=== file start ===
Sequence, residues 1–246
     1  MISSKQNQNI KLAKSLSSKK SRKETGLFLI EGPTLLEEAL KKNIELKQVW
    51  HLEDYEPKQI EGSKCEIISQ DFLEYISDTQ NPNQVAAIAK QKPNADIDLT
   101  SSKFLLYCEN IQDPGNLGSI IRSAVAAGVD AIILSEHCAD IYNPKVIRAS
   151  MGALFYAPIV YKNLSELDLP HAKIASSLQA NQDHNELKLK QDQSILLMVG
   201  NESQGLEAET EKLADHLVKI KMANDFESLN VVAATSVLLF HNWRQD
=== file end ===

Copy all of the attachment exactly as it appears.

Sequence, residues 1–246
     1  MISSKQNQNI KLAKSLSSKK SRKETGLFLI EGPTLLEEAL KKNIELKQVW
    51  HLEDYEPKQI EGSKCEIISQ DFLEYISDTQ NPNQVAAIAK QKPNADIDLT
   101  SSKFLLYCEN IQDPGNLGSI IRSAVAAGVD AIILSEHCAD IYNPKVIRAS
   151  MGALFYAPIV YKNLSELDLP HAKIASSLQA NQDHNELKLK QDQSILLMVG
   201  NESQGLEAET EKLADHLVKI KMANDFESLN VVAATSVLLF HNWRQD